GOP Sen. Ron Johnson on Sunday defended Americans’ rights to own guns following the Colorado massacre and calls for tougher weapons laws, saying the real issues are “sick, demented individuals” and how the country deals with them.
“This isn’t an issue about guns,” Johnson, R-Wis., said on "Fox News Sunday." “This is really an issue about sick, demented individuals. It's a tragedy, and I don't think there’s a solution in Washington to solve that problem. ... other than look to our families, look to our communities, starting with our education system. We've got to re-instill values in what we're teaching our children. We need to look at families and the education system.”
He also pointedly called the alleged Colorado shooter, James Holmes, "a sick, demented, evil individual."
Johnson faced off on the gun-control issue with Democratic Sen. Dianne Feinstein, following the mass shooting early Friday in Colorado in which a gunman allegedly used an AR-15 rifle with a large magazine to kill 12 people and injure dozens of others in a movie theater.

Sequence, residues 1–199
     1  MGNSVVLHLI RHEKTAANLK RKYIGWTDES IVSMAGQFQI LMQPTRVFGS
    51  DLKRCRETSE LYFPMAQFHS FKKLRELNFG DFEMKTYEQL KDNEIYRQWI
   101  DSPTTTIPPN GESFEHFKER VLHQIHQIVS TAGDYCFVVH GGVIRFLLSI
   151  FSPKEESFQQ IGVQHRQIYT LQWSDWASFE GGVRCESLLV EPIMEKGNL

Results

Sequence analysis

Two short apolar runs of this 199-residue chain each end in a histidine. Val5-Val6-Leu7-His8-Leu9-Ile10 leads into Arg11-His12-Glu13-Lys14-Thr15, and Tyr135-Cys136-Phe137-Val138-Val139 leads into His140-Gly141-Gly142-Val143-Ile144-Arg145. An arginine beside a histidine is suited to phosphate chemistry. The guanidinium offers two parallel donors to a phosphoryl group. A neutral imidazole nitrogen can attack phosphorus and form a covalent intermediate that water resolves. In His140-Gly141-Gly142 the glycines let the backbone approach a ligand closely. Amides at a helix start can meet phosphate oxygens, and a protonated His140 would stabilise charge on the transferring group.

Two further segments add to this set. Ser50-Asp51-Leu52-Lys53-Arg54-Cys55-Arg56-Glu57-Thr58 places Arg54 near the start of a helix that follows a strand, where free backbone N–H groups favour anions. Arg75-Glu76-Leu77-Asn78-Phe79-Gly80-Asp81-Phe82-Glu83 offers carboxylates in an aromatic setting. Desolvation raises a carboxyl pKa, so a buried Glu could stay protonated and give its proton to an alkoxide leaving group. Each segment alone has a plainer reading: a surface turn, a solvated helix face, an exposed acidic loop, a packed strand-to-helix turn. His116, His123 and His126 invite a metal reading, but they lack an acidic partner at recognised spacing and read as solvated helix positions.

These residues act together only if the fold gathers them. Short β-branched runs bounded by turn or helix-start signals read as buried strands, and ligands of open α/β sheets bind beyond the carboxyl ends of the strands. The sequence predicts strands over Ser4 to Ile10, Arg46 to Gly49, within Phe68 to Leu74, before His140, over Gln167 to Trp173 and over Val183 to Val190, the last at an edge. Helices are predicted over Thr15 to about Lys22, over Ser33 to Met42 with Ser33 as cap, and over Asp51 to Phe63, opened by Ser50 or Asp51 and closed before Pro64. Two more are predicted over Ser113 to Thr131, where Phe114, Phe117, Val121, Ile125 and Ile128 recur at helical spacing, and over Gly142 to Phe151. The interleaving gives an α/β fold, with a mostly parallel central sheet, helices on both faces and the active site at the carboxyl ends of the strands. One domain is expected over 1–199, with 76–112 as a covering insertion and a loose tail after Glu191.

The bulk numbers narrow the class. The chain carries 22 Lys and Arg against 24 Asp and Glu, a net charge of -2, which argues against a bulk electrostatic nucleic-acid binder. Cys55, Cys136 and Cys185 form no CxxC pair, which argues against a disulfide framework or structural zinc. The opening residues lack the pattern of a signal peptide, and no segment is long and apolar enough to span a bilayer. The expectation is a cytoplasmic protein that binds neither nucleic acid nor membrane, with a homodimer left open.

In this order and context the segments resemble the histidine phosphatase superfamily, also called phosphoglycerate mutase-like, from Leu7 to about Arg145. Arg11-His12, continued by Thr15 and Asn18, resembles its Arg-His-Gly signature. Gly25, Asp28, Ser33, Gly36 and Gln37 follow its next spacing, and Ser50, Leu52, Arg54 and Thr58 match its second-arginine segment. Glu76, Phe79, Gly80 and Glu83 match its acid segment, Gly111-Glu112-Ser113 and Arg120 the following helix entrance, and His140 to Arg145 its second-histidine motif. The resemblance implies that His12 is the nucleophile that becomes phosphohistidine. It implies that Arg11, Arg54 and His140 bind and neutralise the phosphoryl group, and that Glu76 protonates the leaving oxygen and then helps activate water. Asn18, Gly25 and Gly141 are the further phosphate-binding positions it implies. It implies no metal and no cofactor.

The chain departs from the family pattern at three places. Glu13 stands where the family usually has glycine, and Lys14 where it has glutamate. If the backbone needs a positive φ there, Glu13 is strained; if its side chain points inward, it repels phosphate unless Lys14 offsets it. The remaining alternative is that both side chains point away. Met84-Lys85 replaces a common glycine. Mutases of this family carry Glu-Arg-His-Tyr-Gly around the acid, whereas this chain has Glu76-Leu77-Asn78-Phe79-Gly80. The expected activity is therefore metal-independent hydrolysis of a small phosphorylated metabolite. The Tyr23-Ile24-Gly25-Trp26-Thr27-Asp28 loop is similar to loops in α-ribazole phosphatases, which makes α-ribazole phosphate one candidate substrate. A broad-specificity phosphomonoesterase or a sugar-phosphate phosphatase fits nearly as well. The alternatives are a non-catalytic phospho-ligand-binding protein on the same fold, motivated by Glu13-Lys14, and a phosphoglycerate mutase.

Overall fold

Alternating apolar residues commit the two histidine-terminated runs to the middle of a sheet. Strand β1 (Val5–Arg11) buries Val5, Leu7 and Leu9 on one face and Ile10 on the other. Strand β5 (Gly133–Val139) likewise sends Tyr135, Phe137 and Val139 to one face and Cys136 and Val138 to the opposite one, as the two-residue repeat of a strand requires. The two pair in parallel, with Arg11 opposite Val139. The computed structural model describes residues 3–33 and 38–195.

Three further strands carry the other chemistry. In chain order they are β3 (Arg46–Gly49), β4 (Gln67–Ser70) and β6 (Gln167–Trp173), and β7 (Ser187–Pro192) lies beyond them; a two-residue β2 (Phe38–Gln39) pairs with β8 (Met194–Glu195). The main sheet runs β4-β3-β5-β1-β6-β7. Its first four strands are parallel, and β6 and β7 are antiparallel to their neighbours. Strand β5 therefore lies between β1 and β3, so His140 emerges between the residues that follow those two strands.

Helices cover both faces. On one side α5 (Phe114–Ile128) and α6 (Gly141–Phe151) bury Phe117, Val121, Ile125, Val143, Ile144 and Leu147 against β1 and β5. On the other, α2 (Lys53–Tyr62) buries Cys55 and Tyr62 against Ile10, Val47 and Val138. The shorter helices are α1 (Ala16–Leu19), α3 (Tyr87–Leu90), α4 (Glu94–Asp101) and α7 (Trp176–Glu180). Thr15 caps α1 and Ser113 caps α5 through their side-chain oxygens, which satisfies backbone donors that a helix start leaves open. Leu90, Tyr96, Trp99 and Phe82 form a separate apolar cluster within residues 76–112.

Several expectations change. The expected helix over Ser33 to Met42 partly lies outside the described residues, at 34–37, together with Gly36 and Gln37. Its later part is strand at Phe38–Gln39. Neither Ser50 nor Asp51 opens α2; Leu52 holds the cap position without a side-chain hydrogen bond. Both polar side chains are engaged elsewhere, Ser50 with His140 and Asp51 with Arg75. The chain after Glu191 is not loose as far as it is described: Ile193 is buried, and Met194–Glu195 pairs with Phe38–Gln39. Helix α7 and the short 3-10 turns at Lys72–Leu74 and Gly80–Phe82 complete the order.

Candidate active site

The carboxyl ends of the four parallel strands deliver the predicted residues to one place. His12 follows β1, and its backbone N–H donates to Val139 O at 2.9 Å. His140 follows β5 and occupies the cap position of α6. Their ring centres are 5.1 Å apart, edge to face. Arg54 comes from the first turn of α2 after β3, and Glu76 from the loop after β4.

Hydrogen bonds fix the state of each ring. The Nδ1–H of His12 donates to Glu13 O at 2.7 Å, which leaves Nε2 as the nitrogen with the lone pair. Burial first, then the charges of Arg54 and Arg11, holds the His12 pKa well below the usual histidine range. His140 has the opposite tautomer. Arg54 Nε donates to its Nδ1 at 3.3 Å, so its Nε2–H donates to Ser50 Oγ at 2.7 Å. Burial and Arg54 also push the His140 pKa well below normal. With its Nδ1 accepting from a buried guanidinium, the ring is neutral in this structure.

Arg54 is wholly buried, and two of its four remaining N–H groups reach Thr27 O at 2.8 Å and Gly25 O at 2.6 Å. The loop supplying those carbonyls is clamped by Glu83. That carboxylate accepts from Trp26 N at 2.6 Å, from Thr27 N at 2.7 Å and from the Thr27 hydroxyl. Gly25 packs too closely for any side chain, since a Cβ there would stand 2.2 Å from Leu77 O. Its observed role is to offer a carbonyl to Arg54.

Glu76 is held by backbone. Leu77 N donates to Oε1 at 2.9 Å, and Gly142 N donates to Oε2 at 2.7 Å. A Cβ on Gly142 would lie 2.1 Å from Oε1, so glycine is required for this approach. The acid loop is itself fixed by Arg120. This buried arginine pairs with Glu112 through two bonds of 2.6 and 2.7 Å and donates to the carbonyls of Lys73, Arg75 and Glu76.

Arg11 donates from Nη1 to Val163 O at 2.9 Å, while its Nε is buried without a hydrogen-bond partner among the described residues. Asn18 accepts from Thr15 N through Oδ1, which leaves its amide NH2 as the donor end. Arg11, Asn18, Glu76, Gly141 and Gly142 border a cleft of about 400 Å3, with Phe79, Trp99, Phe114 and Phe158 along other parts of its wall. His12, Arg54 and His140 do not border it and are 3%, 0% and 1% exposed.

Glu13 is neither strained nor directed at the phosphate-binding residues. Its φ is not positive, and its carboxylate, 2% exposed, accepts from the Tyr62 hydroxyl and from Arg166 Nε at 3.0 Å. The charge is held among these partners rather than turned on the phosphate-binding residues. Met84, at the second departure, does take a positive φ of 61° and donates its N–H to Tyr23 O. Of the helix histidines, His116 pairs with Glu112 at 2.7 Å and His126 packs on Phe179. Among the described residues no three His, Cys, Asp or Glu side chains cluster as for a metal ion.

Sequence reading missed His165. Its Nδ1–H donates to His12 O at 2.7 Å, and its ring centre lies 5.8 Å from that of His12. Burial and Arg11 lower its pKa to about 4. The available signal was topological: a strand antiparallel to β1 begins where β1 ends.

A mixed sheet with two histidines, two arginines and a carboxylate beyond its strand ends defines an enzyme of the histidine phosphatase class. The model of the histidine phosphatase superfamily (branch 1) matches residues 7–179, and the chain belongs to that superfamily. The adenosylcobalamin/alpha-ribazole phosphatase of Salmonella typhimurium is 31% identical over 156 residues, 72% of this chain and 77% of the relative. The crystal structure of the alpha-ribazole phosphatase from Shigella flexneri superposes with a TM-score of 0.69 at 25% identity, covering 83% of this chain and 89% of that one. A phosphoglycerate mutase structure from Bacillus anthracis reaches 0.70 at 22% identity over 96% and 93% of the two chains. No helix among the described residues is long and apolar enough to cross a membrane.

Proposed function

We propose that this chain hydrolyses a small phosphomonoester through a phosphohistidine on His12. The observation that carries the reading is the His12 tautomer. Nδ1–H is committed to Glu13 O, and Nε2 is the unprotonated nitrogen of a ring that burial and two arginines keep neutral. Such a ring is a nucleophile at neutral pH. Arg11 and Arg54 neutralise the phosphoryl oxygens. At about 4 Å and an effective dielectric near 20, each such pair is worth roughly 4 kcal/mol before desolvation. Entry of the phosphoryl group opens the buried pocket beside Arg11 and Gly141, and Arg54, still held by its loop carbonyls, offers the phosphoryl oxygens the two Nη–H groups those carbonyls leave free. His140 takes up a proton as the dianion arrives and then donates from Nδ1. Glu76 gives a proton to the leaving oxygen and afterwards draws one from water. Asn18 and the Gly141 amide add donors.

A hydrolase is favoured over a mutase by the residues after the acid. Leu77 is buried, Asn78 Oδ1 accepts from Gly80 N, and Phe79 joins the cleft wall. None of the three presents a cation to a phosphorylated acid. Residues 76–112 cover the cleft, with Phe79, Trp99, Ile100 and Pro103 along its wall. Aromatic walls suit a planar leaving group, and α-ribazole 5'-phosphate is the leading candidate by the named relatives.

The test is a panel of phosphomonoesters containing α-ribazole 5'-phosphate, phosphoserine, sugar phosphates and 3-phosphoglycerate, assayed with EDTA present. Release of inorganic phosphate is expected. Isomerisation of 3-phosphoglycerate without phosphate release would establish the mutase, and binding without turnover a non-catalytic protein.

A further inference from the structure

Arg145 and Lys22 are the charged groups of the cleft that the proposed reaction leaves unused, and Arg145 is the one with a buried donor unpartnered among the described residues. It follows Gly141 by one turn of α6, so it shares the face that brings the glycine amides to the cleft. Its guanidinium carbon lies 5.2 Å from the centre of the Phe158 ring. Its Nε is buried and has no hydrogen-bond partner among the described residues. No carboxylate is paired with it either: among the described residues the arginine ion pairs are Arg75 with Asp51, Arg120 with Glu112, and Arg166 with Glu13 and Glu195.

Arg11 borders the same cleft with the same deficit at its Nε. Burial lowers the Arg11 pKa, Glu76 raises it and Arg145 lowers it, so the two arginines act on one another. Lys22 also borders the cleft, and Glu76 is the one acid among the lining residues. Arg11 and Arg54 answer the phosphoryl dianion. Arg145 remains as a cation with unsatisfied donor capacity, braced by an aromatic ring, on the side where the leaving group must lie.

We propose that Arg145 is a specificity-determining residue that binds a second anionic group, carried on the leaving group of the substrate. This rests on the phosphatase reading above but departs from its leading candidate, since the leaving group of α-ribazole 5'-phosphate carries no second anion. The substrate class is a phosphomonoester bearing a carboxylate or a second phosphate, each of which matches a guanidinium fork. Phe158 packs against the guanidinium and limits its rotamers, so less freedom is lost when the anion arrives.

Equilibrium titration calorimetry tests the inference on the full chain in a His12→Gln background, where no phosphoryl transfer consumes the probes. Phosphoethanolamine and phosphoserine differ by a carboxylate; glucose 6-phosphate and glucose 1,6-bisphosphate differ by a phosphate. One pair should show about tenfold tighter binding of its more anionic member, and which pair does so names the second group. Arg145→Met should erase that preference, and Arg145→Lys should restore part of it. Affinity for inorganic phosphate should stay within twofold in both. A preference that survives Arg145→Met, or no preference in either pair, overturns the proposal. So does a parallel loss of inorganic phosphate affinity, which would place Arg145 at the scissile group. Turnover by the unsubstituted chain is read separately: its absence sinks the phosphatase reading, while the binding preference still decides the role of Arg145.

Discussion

Feinstein, D-Calif., argued the federal government should put a ban on rapid-fire weapons and large magazines, which can hold as many as 100 rounds.
“Weapons of war don’t belong on the streets,” Feinstein said on the show. “We’ve got to sit down and really come to grips on what is sold to average citizens.”
Feinstein -- whose legislation banning assault weapons for 10 years expired in 2004 -- said she has no problem with somebody owning a registered gun and that gun-rights groups have become so powerful that lawmakers are reluctant to push and vote for more gun control for fear of political backlash.
Still, Colorado Gov. John Hickenlooper, also a Democrat, suggested tighter regulations likely would not have prevented Holmes.